Humberto L. Perotto was born and raised in La Paz, Bolivia. He graduated with a B.Sc. in Agronomy (1995) from Universidad Mayor de San Simon in Cochabamba, Bolivia. In 1998, Humberto was awarded a Fulbright Scholarship to come to the United States and he obtained his M.Sc. in forestry (2000) and his Ph.D. in Rangeland Ecology and Management (2005) from Texas A&M University.
Humberto’s interest are landscape ecology, biodiversity and bioinformatics. His research focuses on the role of spatial patterns and processes as related to ecosystem functions and ecosystem services at multiple scales and the development of data infrastructure for the distribution of spatial data in the areas of conservation and management of natural resources. Humberto’s research focuses on improving the understanding of how processes (e.g. human activities, grazing behavior) interact with spatial patterns (e.g. vegetation, soils, land use) and consequently affect ecosystem function. One important area of his research is the linkage between scale, spatial structure and connectivity. This includes the development of methodologies to understand ecological connectivity and spatial and temporal dynamics of animal movement. His research included the identification of relevant scales and its influence on habitat connectivity for species with small yet widely dispersed habitats and habitat changes due to high intensity-low frequency disturbances for game species. This work has led to a strong interest in developing an integrated perspective on livestock-wildlife interactions and their surrounding landscapes.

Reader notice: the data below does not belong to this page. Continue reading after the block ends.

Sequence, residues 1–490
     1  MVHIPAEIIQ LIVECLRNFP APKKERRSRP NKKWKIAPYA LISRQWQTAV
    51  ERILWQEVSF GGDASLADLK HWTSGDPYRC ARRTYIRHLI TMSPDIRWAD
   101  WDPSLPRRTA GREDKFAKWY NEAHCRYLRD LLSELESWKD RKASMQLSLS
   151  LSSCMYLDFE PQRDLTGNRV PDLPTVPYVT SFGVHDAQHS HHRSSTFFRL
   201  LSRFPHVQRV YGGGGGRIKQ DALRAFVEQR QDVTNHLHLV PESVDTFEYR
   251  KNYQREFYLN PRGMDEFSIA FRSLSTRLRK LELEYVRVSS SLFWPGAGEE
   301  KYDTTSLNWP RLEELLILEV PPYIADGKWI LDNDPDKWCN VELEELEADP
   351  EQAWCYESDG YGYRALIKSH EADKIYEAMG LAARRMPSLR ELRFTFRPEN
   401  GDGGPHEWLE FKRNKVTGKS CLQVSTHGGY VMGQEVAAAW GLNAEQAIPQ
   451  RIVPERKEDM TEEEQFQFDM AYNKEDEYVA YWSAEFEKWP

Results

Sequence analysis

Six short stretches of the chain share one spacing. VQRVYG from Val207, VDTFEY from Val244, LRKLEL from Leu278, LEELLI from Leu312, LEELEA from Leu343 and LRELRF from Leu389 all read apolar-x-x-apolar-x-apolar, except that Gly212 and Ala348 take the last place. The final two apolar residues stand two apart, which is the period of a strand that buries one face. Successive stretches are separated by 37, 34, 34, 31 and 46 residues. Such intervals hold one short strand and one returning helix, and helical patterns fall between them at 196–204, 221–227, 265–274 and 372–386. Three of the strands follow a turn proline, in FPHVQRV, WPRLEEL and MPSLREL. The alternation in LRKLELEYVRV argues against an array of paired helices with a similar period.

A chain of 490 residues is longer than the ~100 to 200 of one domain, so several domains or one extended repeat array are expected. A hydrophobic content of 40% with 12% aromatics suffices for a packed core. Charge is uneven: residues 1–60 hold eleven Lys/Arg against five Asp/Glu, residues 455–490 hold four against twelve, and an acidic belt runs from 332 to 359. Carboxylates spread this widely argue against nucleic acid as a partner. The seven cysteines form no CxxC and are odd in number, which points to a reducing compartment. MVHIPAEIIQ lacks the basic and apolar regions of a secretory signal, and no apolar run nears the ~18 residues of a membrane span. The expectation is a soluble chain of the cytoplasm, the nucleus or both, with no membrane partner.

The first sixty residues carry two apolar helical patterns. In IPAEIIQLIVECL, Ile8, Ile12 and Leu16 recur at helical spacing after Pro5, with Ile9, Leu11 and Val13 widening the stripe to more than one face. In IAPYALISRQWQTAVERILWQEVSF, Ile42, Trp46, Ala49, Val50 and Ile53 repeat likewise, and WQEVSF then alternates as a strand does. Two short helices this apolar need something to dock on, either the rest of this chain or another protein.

The development, implementation and web-based distribution of spatial data infrastructure have been a significant component of his international research portfolio, particularly in developing countries. In 2004, He created theBolivian Natural Resources Digital Center and in 2013 in collaboration with the Museo de Historia Natural Noel Kempff Mercado (Santa Cruz, Bolivia),
the Geospatial Center for Biodiversity was launched. Humberto has been part of research teams in the U.S., U.K., Bolivia and Puerto Rico with successful outcomes and contributions in the fields of rangeland ecology, wildlife ecology, livestock-wildlife interactions and their integration at different scales.
Humberto joined The Caesar Kleberg Wildlife Research Institute in June 2015, after a great international work experience in Puerto Rico (University of Puerto Rico – Rio Piedras), United Kingdom (Cranfield University), and Bolivia (Museo de Historia Natural Noel Kempff Mercado).
Habitat patterns and processes
Landscape conservation design
Landscape spatial and temporal dynamics
Landscape Ecology, Texas A&M University – Kingsville, Graduate level
Landscape Ecology, Texas A&M University – Kingsville, Undergraduate level
Remote sensing for wildlife and habitat studies, Texas A&M University – Kingsville, Graduate level